Amsterdam attracts a worldwide audience, and many arrive on a tight budget. The city's captivating canals and avant garde culture make it distinctive destination, but there is much to interest a more traditional traveler, too. Think world-class museums and fine dining. Whatever your pursuit, keep in mind that although Amsterdam is associated with backpackers, it can be a very expensive stop.
When to Visit
Amsterdam has a relatively mild climate for a place so far north, so even winter visits can be quite comfortable. Summer is the most popular season, so stay away at that time if crowds are a problem. Many experienced travelers choose the "shoulder seasons" of late spring and early fall. Amsterdam's status as a airline hub should make for good airfare searches at all times of year.
Where to Eat
When the Dutch had a colonial empire, they brought home some exotic treasures that became staples of Amsterdam dining. One example is the rijsttafel -- literally "rice table." It is a lazy-susan set-up offering 20 or more Indonesian dishes. Those you enjoy most are refilled. If smoked herring is your thing, you'll find street vendors who serve it up with style. In fact, it's easy to find a variety of tasty foods served from the sidewalks. It makes for a light, economical lunch.
As you search for economical Amsterdam restaurants, consider a staple of the local lunch scene.
Broodjes is a Dutch word for sandwich, and it's a distinctive, made-with-care item that doesn't resemble pre-packaged versions so common in European markets and budget grocery stores.
Where to Stay
Hotels are plentiful in Amsterdam, long one of Europe's budget accommodation champions. Shills will approach you touting their particular digs.
It's better to rely on recommendations from the helpful VVV (pronounced Vay-Vay-Vay). It is Holland's official tourist information bureau, with 450 locations to serve everyone from the most inexperienced new arrival to seasoned travel veterans. Timeout.com offers nicer B&B links starting at €60. Book well in advance if you go in tourist season.
Another affordable place to shop for Amsterdam accommodations is Airbnb.com, where a recent search revealed 95 entries priced at under $40 USD/night.
Schiphol Airport is one of the busiest and finest in Europe. It is well-connected by train with central Amsterdam. Purchase tickets in the little yellow machines scattered throughout the Plaza area near the rail platform. Amsterdam is a very tough place to drive, so it's best to take public transportation within the city--and that includes floating vehicles on the many canals. Car rentals are practical for trips outside the city.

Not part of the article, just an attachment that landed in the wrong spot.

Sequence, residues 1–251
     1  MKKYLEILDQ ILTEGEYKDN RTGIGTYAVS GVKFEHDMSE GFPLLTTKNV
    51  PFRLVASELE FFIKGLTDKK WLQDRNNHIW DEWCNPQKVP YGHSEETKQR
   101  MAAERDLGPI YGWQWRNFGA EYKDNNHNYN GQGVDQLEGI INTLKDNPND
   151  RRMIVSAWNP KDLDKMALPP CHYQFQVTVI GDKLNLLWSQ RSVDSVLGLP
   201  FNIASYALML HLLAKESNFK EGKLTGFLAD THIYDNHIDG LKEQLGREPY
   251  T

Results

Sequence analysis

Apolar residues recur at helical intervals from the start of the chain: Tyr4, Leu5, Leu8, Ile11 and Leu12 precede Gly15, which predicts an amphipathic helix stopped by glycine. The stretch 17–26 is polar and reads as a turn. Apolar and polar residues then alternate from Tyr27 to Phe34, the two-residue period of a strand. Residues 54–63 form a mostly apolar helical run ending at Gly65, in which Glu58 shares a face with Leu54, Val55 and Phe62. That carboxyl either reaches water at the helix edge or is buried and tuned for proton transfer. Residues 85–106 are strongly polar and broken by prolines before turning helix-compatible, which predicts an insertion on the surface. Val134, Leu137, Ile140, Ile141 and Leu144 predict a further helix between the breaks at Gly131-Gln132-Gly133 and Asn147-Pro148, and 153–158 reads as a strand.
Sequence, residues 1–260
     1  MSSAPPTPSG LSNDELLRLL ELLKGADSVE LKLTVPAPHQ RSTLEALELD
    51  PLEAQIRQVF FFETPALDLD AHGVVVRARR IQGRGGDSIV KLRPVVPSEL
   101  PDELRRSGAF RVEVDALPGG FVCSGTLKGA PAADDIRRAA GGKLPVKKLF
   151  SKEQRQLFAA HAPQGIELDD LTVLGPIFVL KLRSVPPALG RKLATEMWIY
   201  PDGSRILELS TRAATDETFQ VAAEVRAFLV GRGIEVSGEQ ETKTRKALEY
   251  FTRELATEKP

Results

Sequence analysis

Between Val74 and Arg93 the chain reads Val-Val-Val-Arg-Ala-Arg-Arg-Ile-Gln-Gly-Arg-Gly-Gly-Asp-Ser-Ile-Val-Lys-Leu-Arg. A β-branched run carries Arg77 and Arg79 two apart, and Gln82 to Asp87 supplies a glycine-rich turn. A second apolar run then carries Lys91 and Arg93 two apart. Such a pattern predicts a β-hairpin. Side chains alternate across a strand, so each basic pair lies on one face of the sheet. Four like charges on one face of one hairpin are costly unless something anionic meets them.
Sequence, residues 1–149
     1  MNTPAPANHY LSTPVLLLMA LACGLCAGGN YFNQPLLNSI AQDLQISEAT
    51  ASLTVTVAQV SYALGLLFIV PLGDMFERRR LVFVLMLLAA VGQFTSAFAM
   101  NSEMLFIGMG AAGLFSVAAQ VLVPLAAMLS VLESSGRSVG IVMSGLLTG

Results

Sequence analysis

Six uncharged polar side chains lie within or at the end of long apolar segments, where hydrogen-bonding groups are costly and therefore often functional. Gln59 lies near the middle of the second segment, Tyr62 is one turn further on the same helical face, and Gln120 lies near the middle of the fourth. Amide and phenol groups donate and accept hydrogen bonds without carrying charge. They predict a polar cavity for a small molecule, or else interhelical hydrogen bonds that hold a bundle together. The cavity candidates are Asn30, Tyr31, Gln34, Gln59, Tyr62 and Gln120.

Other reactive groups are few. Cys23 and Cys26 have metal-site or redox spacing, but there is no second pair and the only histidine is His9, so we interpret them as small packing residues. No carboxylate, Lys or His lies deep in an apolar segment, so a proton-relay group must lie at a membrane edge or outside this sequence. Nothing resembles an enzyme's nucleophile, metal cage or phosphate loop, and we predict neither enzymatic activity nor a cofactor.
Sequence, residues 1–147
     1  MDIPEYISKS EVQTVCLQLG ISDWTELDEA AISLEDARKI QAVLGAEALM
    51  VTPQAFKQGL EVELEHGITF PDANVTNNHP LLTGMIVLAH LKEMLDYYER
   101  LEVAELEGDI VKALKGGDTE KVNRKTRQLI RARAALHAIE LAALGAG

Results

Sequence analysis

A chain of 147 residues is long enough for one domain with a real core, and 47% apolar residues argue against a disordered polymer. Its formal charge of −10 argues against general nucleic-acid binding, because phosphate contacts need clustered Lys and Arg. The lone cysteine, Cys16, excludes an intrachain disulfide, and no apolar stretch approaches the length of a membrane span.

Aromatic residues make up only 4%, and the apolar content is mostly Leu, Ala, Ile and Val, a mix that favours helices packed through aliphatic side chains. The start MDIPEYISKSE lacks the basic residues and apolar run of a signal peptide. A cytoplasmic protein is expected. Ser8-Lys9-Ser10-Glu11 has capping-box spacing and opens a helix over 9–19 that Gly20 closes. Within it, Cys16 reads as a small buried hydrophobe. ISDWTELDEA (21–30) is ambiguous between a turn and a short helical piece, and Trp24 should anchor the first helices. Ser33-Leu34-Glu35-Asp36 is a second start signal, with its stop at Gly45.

Few cities in the world boast a better lineup of museums. You can spend an entire day wandering the Rijksmuseum's collections featuring the Dutch Masters, and then take in the nearby Van Gogh Museum. Beyond great art, there is the Anne Frank House.
Anne was a Jewish teenager during the Nazi occupation who recounted her tragic experiences in a diary that became world famous. The place where her family hid has been carefully preserved and is a must-see.
I Amsterdam City Card (found at the VVV) offers 25% discounts on scores of top attractions and restaurants. It is a significant investment, so consider carefully how many attractions you'll be visiting. A 24-hour pass costs €57, 48-hour is €67, a 72-hour pass is €77 and a 96-hour pass for €87 . The Museum Jaarkart is also available at the VVV and worth a serious look for visitors spending more than a day in town. Ask about the guided architecture walks, which offer a stunning variety and an insight into the area's rich history.
More Amsterdam Tips
Explore the Diamond Markets. This might sound like strange advice for budget travelers, but it is actually a penny-pinching tip.
Amsterdam is home to some of the world's best diamond cutters, many of whom will give free, fascinating demonstrations. Looking at their finished creations is free, too.
Explore the Countryside. If you're including Amsterdam in a string of European cities, this is a good place to leave the urban world behind and explore the surrounding countryside. Beautiful flower farms, the much photographed windmills, and charming towns like Haarlem are only minutes away by bus, train, or automobile.
Rent a Bicycle. The Dutch love cycling, and that means there are quite a few places to rent some wheels for the day. Be sure to observe the lane markings and common courtesy.
Beware the Steep Staircases. There are winches atop many Amsterdam houses for a reason: The staircases are too narrow and steep to move furniture. To a lesser extent, this is true of luggage, too. Ask about where your room is located and whether assistance with baggage is provided.
Shop Schiphol's Duty-Free Carefully. The Airport's massive Duty-Free offering isn't always the best deal on Delft china and other local favorites. The best advice if you're flying in and out of Schiphol is to check the city prices before buying. You can always make a purchase on the way out of town if the airport offerings are cheaper.
Make Amsterdam "Home Base." The relatively cheap accommodations available in this city make it possible to base yourself here and explore more expensive territories nearby. Rail connections generally are excellent.